In the second half some new drama starts happening, but it's every bit as tedious as what's come before. Well, maybe less, because at least something is HAPPENING. All of a sudden Pia's older sister shows up with her baby. Then this Blond guy named Blue shows up with Jess' ex-wife, who promptly dies. Turns out Blue stole the wife from Jess, leaving a little bitterness. Then some bit about a birthmark [shaped like a butterfly, the butterfly of the title] reveals that Blue is actually Pia's dad, and the father of her baby [so you see, the incest if there, just displaced into the past]. With this knowledge, Jess finally makes it with Pia, and there's this whole subplot about her marrying some other guy, then a trial for incest [Orson Welles is the judge, and one must admit that, despite the idiocy of the part, he is pretty good]. Jess finally whips out the knowledge that she's not actually his daughter, the case is closed and Pia goes to marry the other guy, though she'll always love Jess. The movie ends with a song sung by Pia herself, over the score by Ennio Morricone.

It's just truly awful. I mean, maybe if you're into really bad movies, meaning truly bad and not that fun or entertaining, you might be into it, but for me it was pretty much akin to torture. It's one of those cases where its marks of quality actually make the experience WORSE, because then you pay a little attention instead of just being able to tune out completely. Pia, rather than being amusingly horrible [see The Lonely Lady or Voyage of the Rock Aliens] was just horribly horrible, and I have previously described how I spent pretty much the entire running time imagining different ways I might bludgeon her, and objects I might bludgeon her with. Stacy Keach I have an admiration for since he was so good in the early version of The Killer Inside Me [too bad the script wasn't nearly as good], and he has some quiet dignity here--rather shocking to say in the face of what we're watching--but it's nowhere near enough. The story is downright tedious, and none of the characters or scenarios are interesting enough to carry it. If they were going to go for the incest angle, they should have just gone full-on softcore and had that be what the movie was ABOUT, rather than divert into these minor threads about who's the father of the baby and suchlike. Who cares? Everyone who sees this movie is going to see it for the question of whether this father is going to screw his daughter, and the way the movie is now assures that EVERYONE will be disappointed. This is really like watching one of those horrible TV movies like The Thorn Birds or something. My God, it is just too painful.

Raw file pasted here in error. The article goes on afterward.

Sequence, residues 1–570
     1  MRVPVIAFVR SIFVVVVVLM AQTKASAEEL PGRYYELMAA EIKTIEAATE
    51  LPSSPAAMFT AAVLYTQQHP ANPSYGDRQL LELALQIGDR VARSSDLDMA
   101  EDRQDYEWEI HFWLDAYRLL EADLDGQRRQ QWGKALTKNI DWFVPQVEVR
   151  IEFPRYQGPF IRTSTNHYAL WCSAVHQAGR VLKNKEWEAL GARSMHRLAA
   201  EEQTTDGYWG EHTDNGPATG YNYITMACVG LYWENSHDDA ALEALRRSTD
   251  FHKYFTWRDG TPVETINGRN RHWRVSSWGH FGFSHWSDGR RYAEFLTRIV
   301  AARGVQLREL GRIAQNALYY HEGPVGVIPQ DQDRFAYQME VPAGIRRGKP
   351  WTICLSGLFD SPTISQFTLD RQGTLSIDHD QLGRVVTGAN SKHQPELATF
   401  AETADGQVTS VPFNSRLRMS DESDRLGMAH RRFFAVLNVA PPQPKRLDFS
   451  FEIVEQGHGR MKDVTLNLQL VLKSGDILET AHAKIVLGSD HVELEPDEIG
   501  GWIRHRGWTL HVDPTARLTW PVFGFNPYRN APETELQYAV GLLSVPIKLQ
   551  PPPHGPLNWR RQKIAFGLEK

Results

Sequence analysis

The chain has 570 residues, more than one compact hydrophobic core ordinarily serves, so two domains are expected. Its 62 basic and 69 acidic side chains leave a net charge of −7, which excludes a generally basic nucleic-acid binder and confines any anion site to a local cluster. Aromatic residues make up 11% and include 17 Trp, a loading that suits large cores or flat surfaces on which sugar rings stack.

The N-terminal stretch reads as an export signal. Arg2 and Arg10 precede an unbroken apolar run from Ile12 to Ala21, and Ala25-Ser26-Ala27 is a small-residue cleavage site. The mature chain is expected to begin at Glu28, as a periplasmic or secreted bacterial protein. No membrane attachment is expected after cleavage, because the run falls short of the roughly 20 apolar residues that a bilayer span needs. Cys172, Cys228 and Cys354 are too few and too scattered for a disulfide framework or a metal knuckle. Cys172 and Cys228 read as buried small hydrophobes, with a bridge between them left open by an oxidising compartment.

Should you watch it: 

You could do that, or you could stick a sawed-off shotgun in your mouth--it's a toss up!